It’s the palest warm lavender, like clouds at sunset, its tones ever-changing with the light. That exact tone is in our curtain fabric and also had to relate comfortably to two adjacent wall colors, difficult in an open-plan 1960s-era apartment. (It didn’t hurt that all three colors are Farrow & Ball. Their colors can work beautifully with one another.)
We already had a color scheme, thanks to a rug and curtains.
I’ll later add some of my own floral images, framed.
A few quick ways to refresh a room; (you can find low-cost options in thrift stores, flea markets, Ebay and Craigslist):
Usually by far the cheapest answer, especially, (if as we do), you do the prep/sanding/spackling/painting yourself. A gallon of paint can cover a lot of wall, (especially over a light color), and a fresh creamy white can punch up dinged/dingy baseboards, (skirting boards to Britons.)
Adding color(s) terrifies many people, and getting it wrong can mean visual misery. No matter what you think you like, when choosing a color, consider:
1) the color of your floor;
2) the color of your current furniture and fabrics;
3) which way the room faces, (e.g. north light is cooler);
4) the mood you want to create.
Read a few smart websites on color and color schemes — then buy a big piece of foam-core and paint a 3 foot square sample, maybe of several colors, or different hues/intensities of the same color.
The floral is our sitting room curtains
The world is full of amazing fabric, from spendy designer stuff to Ikea to Spoonflower, where you can design and print your own. I love vintage textiles and search them out at antique shows, flea markets and auctions, making them into throw pillows and tablecloths.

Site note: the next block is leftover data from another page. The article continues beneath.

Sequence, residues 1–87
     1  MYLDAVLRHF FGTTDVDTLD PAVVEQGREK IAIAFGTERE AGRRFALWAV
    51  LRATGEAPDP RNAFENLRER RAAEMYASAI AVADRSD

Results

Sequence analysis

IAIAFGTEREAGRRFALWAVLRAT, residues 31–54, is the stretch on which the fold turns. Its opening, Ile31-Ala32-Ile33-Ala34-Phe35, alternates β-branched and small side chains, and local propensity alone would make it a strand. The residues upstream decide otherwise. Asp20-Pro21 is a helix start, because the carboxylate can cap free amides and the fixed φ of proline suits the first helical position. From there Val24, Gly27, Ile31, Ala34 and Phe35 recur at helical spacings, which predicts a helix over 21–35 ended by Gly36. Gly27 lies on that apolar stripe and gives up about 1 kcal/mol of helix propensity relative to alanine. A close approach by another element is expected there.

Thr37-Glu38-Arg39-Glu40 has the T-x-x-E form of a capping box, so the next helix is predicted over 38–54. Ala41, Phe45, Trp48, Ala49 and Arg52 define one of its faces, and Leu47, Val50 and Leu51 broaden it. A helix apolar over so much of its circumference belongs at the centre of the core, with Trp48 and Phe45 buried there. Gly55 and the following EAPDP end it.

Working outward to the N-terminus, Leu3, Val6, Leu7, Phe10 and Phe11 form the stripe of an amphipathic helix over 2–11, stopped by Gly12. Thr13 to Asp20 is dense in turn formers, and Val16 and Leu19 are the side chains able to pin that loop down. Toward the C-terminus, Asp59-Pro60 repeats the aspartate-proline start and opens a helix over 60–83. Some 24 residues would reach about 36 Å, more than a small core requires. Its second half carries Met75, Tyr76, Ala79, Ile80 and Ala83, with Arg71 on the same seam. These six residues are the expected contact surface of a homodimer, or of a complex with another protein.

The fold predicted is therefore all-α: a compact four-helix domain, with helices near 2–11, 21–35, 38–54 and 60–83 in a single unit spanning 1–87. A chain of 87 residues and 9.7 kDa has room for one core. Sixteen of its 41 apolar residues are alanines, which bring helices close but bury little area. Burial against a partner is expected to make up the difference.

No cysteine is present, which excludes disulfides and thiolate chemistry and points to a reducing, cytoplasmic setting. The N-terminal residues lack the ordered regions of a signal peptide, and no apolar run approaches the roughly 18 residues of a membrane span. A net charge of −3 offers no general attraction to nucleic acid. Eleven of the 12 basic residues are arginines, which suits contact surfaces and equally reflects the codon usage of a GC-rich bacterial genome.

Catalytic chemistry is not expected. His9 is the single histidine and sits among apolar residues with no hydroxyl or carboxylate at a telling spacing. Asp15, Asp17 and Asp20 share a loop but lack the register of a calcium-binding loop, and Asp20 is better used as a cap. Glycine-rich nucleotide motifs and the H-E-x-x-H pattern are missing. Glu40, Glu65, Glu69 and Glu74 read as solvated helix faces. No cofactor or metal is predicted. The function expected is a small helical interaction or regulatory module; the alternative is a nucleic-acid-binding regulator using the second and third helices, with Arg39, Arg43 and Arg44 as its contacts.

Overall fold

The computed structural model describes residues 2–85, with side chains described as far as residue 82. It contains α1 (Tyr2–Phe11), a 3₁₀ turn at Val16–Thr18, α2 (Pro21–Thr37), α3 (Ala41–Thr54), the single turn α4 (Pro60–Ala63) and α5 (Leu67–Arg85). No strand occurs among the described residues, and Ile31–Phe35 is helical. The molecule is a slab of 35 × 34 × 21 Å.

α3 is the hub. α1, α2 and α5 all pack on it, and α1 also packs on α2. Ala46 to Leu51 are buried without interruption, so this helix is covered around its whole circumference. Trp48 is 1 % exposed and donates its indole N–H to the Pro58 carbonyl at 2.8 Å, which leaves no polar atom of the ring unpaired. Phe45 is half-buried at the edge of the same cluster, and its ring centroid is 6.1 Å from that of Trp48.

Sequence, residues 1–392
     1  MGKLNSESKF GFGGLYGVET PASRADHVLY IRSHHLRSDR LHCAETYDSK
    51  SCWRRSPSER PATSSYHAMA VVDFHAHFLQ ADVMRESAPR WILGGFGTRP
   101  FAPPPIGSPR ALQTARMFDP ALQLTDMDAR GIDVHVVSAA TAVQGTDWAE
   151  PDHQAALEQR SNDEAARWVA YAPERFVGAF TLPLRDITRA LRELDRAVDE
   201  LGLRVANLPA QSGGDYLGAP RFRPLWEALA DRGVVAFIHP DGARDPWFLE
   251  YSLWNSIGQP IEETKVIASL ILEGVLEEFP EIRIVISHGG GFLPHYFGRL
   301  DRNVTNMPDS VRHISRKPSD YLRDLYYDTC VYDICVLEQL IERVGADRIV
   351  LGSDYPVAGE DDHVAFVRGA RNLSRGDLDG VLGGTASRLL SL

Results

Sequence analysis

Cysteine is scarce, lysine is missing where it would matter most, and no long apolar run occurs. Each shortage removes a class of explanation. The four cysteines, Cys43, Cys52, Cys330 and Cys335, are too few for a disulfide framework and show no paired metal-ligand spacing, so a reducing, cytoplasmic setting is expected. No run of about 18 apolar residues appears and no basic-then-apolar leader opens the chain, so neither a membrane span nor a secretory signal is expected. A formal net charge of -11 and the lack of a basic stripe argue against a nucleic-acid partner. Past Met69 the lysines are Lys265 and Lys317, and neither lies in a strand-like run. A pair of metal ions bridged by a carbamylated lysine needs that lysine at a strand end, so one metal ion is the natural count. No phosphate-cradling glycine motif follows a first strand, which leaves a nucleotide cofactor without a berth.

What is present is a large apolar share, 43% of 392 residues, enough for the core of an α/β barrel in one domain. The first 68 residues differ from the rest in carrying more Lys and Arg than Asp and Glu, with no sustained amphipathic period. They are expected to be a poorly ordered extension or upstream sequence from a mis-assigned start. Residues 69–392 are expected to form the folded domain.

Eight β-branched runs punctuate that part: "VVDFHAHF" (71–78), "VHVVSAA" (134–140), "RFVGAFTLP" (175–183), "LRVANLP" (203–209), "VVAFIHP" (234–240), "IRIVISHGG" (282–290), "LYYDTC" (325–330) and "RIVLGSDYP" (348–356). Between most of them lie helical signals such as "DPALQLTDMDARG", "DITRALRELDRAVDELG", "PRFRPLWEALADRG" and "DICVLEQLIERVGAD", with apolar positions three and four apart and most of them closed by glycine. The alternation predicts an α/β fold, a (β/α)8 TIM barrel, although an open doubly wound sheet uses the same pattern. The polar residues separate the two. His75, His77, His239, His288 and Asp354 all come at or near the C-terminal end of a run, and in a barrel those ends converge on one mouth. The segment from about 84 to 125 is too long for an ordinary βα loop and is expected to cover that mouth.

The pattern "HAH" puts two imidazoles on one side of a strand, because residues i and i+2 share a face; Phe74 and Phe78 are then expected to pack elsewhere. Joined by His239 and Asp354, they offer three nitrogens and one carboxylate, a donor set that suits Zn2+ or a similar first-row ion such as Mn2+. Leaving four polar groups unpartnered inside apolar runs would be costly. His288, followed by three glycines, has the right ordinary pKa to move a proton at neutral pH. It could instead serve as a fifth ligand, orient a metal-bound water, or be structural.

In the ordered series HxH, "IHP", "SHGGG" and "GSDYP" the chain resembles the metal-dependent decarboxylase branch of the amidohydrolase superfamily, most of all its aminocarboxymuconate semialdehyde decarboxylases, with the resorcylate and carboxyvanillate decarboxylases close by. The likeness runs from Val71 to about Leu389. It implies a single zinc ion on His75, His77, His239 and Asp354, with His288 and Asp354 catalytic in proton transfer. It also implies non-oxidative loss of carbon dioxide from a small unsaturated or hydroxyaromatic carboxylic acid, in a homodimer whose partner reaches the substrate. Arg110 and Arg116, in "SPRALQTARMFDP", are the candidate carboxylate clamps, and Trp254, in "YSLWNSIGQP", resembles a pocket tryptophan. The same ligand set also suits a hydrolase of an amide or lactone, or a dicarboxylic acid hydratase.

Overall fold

Even the simplest sofa can benefit happily from a few fresh pillows in complementary colors; Pier One, in the U.S., is a great/affordable resource as are pricier Horchow, Serena & Lily and Anthropologie.
Flowers and plants
Our home is never without multiple arrangements of fresh flowers, whether a single lily — brilliant orange, pure white, soft pink — or a bunch of purple or white or red tulips.
I keep Oasis on hand, (the green foam used by florists you can cut and shape to any size), allowing you to make anything non-leaky into a floral container. Floral frogs, of metal and glass, with holes and spikes to hold stems in place, (easiest to find at flea markets) are also helpful.
They don’t have to be dark nor boldly patterned nor made of wool!
Too many people just throw down a big pile of red or blue or dark green and get stuck with an ugly color scheme as a result.
Retaining resilience in the face of loss, grief, illness.
So much of life comes at us reallyreallyfast, especially in the age of the Internet.
And then we think, I can get whatever I need or want reallyreallyfast as well.
But it just doesn’t work out that way unless you are very lucky.
And so, when things move much more slowly than we want, or need, what’s our choice?
Staying the course.
Someone two decades younger than I has sustained too many losses of late — the death of a parent, the other lost in the mists of dementia, job loss, the end of a long romantic relationship/home and an injury that’s impeded her from her beloved sport.
I want to envelop her in layers of bubble wrap for a while so nothing else can bruise her lovely spirit for a long time to come. It’s hard to keep going, in any direction, when you feel the wind has been knocked out of you.
But I know her, and I know she has stamina. She will, somehow, power through this.
We all must.
Only with hindsight — and surviving some of life’s insanity and unfairness and sadness — can you more deeply appreciate the power of stamina, of staying in the game, (even if you need to withdraw from it for a while.)